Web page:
When dealing day-to-day with clients regarding cloud initiatives, KPMG Director Corey Jacobson says he sees some that “chase the value” of cloud — that is, run after their dream of a successful transition to cloud technology without a smooth, well-thought-out strategy.
“They often approach it with a siloed mindset or a fragmented manner,” he explains. The business unit might buy a SaaS service, for example, or the infrastructure team might start migrating components to the cloud. But progress isn’t properly tracked and it is unclear whether value was gained overall. “They may promise more effectiveness and efficiency, but don’t really measure it,” he says.
Running down the cloud dream, in fact, is simply no longer enough. As cloud becomes a critical strategic component for CIOs and the business function, particularly in larger companies, it has become an enabler of disruptive business technology as well as a disruptor to traditional IT — and it is up to the CIO to handle those disruptions and lead the company smoothly into its cloud future. “The cloud ecosystem keeps evolving and scaling rapidly, and organizations need to be able to respond to accelerations across digital transformations,” says Jacobson.
However, implementing cloud services and getting value from it is not necessarily one and the same, for several reasons: The diversity of legacy environments; the technical debt accumulated over years; and the growing number of cloud services and delivery options to consider — which create levels of complexity in decision-making and in implementation. “At times it’s challenging at best,” adds Jacobson, but at worst, “it becomes a barrier to getting to the cloud.”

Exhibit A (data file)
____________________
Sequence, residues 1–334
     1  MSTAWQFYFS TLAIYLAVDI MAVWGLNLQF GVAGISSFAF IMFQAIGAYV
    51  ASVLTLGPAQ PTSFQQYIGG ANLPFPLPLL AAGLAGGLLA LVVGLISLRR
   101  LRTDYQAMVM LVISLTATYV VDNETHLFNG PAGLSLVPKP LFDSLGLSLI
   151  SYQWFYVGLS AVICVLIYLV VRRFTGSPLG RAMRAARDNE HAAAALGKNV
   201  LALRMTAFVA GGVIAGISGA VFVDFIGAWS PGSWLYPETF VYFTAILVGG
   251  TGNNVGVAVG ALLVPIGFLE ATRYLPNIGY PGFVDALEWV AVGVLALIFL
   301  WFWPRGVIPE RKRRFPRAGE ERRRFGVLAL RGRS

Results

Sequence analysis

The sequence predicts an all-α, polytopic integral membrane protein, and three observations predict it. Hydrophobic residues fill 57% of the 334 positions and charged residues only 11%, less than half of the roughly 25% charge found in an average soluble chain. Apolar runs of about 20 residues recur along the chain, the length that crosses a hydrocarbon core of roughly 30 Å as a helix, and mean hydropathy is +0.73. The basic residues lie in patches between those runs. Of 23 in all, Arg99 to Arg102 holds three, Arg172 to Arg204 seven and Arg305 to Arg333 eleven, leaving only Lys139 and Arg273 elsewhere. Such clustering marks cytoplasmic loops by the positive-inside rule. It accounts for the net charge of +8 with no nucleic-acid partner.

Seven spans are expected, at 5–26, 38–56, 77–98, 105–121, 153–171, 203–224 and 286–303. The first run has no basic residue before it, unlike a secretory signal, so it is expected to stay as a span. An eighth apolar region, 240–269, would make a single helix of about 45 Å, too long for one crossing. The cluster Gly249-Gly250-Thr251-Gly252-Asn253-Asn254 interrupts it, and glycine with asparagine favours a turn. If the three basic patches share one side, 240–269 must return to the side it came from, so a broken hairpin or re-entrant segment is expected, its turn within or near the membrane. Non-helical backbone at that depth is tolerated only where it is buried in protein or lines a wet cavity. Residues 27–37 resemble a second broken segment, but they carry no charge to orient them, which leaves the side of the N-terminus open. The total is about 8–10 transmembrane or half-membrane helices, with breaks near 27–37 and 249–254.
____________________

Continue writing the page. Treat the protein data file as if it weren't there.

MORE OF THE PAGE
That’s where an enterprise cloud strategy and appropriate business case comes in, striking a balance between business priorities and IT supply. At a minimum, the right strategy will address when it’s appropriate to use public or private clouds; the use cases for different cloud delivery models; when to use on-premise/off-premise; where different data classifications can be stored and accessed; and which cloud providers and services are acceptable. In addition, strategic decisions must be made surrounding processing and procuring cloud-based solutions, how it will impact the budget and how migration and ongoing deployment of cloud services will occur.
There are four key elements to building a successful cloud strategy, Jacobson explains:
1. Clear guiding principles through the journey. If you don’t have these principles to guide business and IT stakeholders, it delays time to value, says Jacobson: “It causes confusion and missed expectations.
2. A cloud suitability assessment. The organization must assess whether existing applications or workloads can move to the cloud and can perform at least at the level they are performing today, if not better. They should address risk appetites, objectives and the organization’s specific needs — while avoiding “paralysis by analysis.” “You need to understand just enough to determine whether it can go to the cloud,” says Jacobson.
3. Review and update of technology architecture. The IT organization needs to look at the company’s technology stacks and factor in cloud service and deployment models. Which part of the stacks will cloud play? Then, it needs to look at the operational tools required to run those cloud services, along with self-service and automation of activities like provisioning. Other layers include identity/security tools to federate the company’s security framework, or even hybrid environments where some legacy systems are still on-prem and a framework is extended out to the cloud. Finally, a unified service management capability is needed that works across all various cloud providers.